By Eamon Quinn
Central Bank governor Philip Lane has proposed that the Government back a revamped Special Savings Incentive Account (SSIA) scheme, more than 17 years after former finance minister Charlie McCreevy presided over a widely criticised €16bn scheme to encourage savers to set aside money on a regular basis.
Under the old scheme, the government gave an incentive of €1 in taxpayers’ cash for every €4 that savers paid into their SSIA each month.
With enrolment starting in 2001 and ending in April 2002, the SSIAs started paying out on the €16bn of accumulated savings when their five-year lock-up periods started to end at the height of the boom in 2006 and 2007.
Mr Lane said any new SSIA scheme should be considered by the Government only if the economy were to continue to grow rapidly.
It would pull in savings and temper consumption, only paying out during an economic downturn.
Mr Lane said it could be designed to ensure savings built up during the good times would be released to help households in a recession.
The previous SSIA scheme was widely criticised for the costs borne by all taxpayers to subsidise the savings of those who could afford them.
Bolstered by government incentives, it unleashed €16bn in accumulated savings into the economy, only to fuel already rampant boom-time spending — the opposite of the purpose of such schemes introduced in other countries.
The SSIA scheme was devised at a time when consumer prices were surging by over 5.5% a year.
After the five-year lock up, many account holders could start to tap their huge savings without losing their huge government incentives from 2006, ahead of the election year of 2007. That gave rise to suspicions about one of the political purposes behind the scheme.
However, the scheme was hugely successful. About 1.1m savers — or 40% of the adult population — with the help of government incentives, saved €16bn, accounting for about a tenth of GDP at the time.
Many savers set aside money every month for five years, meaning the government topped up their savings by over €63 every month.
The monthly payments, the government incentive, and the interest earned, could only be tapped when the accounts matured after the five-year terms.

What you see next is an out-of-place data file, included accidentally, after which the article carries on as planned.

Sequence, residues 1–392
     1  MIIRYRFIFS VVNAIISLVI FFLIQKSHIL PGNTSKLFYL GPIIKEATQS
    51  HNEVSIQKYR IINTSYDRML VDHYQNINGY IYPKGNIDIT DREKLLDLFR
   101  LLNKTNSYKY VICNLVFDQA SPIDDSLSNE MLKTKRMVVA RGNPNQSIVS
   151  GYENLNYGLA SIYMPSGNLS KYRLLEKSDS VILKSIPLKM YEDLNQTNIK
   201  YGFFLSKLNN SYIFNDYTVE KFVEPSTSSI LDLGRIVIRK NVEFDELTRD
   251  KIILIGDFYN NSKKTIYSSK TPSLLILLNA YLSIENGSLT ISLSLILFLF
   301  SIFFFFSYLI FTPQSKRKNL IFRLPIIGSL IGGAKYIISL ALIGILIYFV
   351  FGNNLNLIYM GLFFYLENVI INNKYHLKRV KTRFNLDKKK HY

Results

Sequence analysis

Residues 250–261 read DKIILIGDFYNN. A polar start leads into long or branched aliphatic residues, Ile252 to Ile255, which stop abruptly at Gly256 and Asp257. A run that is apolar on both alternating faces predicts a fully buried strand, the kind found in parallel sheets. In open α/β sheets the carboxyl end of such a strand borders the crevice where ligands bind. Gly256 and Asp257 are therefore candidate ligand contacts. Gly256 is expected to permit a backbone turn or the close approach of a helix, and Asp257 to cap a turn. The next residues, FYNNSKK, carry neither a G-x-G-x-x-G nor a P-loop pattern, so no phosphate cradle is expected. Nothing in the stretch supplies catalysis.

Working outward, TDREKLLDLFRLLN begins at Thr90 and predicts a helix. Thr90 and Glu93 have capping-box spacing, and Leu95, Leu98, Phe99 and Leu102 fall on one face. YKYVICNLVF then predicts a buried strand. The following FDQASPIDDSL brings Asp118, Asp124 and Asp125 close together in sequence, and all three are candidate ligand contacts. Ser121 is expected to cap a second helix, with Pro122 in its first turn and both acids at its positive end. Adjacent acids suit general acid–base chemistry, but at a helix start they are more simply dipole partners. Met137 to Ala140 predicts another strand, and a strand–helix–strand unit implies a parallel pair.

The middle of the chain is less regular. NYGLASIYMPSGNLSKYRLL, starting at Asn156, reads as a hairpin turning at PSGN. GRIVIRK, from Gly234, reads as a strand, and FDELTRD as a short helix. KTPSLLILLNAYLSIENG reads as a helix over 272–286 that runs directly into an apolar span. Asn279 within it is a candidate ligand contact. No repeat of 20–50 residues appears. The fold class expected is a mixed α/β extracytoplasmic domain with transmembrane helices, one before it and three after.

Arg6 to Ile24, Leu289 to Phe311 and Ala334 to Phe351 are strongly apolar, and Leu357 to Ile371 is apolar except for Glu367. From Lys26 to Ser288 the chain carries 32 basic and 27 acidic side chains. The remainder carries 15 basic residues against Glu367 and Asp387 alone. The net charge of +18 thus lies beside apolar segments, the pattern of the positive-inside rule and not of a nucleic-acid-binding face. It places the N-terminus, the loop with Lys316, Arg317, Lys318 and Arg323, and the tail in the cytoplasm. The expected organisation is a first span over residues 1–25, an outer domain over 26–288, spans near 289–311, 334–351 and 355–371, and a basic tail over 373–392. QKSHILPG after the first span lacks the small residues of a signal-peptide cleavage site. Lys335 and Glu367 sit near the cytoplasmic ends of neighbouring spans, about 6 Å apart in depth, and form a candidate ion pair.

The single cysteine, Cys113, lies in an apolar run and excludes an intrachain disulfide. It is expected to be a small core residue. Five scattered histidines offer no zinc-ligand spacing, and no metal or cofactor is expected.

At the time, Goodbody Stockbrokers estimated that the average SSIA payout was over €13,670. A minority of account holders got as much as €20,000. And over 40% of accounts, or close to €6bn, matured just as the scheme closed in 2007.
Goodbody said the “bonanza” boosted consumption by at least €1.9bn in 2006 and by €3.5bn in 2007, with cars, holidays, and home improvements expected to be the main beneficiaries.
Surveys of consumers at the time showed savers spent at least some of their savings on luxury items such as handbags and cars. For others, it helped them secure mortgage loans just as the property market was set to crash.
Economist Jim Power said any new scheme could work but was not without its dangers. He said the Government could make a start in encouraging savers by eliminating the Dirt rate.
Brian Keegan, director of public policy and taxation at Chartered Accountants Ireland, said the old SSIA scheme “was spectacularly successful” but came as the Government gained from a change in the timing when companies paid their corporate tax bills.
“While it is very difficult to persuade people to save given the low-interest rates, it is not immediately apparent where the additional tax revenues would come from to support any new scheme,” said Mr Keegan.
Mr Lane said it was part of his job as a regulator to suggest to the Government and Oireachtas possible policy options to safeguard the economy against a wide range of risks that could hit Ireland in future years.